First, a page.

Bringing a Little Down-Home Charm

Bump him up a century, aim a camera or microphone at him, arm him with today’s hot-button topics and he’d likely earn … nothing.

No fans. No attention. No respect.

What a woeful misfit Will Rogers would be in the modern media world. And how woeful is that?

Famously, the actor/vaudevillian/columnist/cowboy/comedian/commentator never met a man he didn’t like. If only verbal flamethrowers Sean Hannity, Keith Olbermann, Bill O’Reilly, Rush Limbaugh and Bill Maher could say likewise in this Age of Snarcasm (snark plus sarcasm) in which venomous rants are rewarded with ratings and polarizing audiences is a national bloodsport.

“People who fly into a rage,” Rogers said, “always make a bad landing.”

Nearly 75 years after his death, the easygoing oracle of Oklahoma still has human nature nailed.

“That kind of down-home charm is needed desperately today,” says Jim Carey, director of “The Will Rogers Follies: A Life in Revue,” the splashy song-and-dance-and-showgirls show that celebrates the folksy philosopher in a production by Musical Actors Theatre, opening today for a 16-performance run through Aug. 2 at the Summerlin Library Performing Arts Center.

“It’s important to go back to those roots. Some of the things Will stood for back then are still holding true today.”

The early-20th-century entertainer was a superstar before our hype-mad media culture coined the word, dominating every medium. The highest-paid performer in the country, he conquered stage (“The Ziegfeld Follies”), screen (71 movies — 50 of them silent, 21 talkies), radio (humorous punditry), newspapers (more than 4,000 nationally syndicated columns) and politics (well, sort of, as a semiserious presidential candidate), all while amusing Americans with his cowboy colloquialisms, lasso tricks and wise, good-natured commentary on the nation’s foibles.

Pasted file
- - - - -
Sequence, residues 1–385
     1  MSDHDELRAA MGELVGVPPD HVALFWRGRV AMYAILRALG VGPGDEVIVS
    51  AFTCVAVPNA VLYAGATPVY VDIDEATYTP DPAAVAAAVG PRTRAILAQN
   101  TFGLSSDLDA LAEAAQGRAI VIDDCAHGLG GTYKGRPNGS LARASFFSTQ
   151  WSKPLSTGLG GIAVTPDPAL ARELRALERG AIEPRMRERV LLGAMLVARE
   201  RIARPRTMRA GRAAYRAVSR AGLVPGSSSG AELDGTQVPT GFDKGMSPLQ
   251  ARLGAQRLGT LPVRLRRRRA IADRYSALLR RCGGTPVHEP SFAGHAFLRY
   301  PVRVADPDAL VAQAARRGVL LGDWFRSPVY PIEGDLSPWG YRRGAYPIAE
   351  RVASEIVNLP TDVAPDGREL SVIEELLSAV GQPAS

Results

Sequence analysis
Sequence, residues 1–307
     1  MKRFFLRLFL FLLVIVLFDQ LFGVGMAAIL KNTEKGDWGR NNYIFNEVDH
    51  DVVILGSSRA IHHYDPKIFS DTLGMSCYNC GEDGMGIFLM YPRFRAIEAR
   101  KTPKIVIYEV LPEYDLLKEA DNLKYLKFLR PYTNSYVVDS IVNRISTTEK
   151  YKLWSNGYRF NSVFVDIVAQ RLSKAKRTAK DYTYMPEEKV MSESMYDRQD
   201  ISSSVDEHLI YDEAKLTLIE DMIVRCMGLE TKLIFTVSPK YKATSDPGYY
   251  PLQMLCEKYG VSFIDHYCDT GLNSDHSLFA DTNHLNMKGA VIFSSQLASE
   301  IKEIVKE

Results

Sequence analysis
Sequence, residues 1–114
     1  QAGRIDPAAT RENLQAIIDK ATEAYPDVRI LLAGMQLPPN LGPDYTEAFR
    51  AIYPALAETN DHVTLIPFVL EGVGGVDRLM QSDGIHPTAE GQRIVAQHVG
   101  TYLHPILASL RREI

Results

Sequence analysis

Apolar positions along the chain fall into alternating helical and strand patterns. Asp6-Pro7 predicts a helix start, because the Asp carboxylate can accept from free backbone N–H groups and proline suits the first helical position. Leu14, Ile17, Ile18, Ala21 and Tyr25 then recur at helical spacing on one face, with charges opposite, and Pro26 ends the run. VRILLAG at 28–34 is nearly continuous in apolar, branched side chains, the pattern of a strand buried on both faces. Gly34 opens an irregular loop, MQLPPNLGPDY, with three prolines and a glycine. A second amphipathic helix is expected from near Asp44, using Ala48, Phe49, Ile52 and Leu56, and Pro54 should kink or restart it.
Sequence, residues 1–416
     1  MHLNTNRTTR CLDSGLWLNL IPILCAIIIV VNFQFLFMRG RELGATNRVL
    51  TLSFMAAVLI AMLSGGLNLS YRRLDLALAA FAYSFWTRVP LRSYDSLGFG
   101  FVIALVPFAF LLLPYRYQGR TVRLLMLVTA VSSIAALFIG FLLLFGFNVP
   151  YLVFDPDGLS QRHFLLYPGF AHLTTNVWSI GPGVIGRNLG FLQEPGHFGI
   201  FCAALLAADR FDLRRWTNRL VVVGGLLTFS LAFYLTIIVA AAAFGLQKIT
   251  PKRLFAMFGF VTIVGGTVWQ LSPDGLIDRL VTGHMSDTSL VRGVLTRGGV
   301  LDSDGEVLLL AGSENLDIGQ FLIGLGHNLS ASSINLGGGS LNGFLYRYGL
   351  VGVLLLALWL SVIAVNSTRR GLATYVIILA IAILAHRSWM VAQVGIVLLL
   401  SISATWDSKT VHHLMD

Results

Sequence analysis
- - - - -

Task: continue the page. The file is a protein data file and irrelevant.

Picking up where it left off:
“It isn’t what we don’t know that gives us trouble,” he once observed. “It’s what we know that ain’t so.”

Consider whether this Rogers remark resonates today: “If there’s one thing that we do worse than any other nation, it’s try and manage somebody else’s affairs.”

Yet Rogers could deliver it without rancor in a way that eludes today’s aforementioned Five Commentators of the Apocalypse.

Elaborately recalled in this 1991 Tony winner — originally mounted on Broadway by mega-musical maestro Tommy Tune with Keith Carradine as its star — Rogers’ life is reimagined as an exuberant journey through the 20th century’s first three and a half decades that isn’t merely a warmly nostalgic throwback to an earlier era, but a full-blown rocket ride in reverse. A high-kicking, red-white-and-blue-spirited eruption of energy, this Rogers retrospective hangs its narrative on showy numbers detailing every chapter of his life. Along the way, audiences glimpse more intimate moments recalling Rogers’ relationship with his wife, Betty, and father, Clem, among others, and a chronology of how he became so vital to the life of the nation in his 55 years, up until his tragic death alongside aviator Wiley Post in a plane crash in Alaska in 1935.

“It’s a very bright show, very colorful, a lot of laughs in it,” Carey says about a piece that spins Rogers’ tale against the backdrop of “The Ziegfeld Follies,” of which he was a frequent headliner. “When you walk in, everybody’s going to be extremely impressed, scenicwise. There’s four portals that light up, the steps light up, I’ve got girls tap-dancing down the stairs. It’s a very big show.”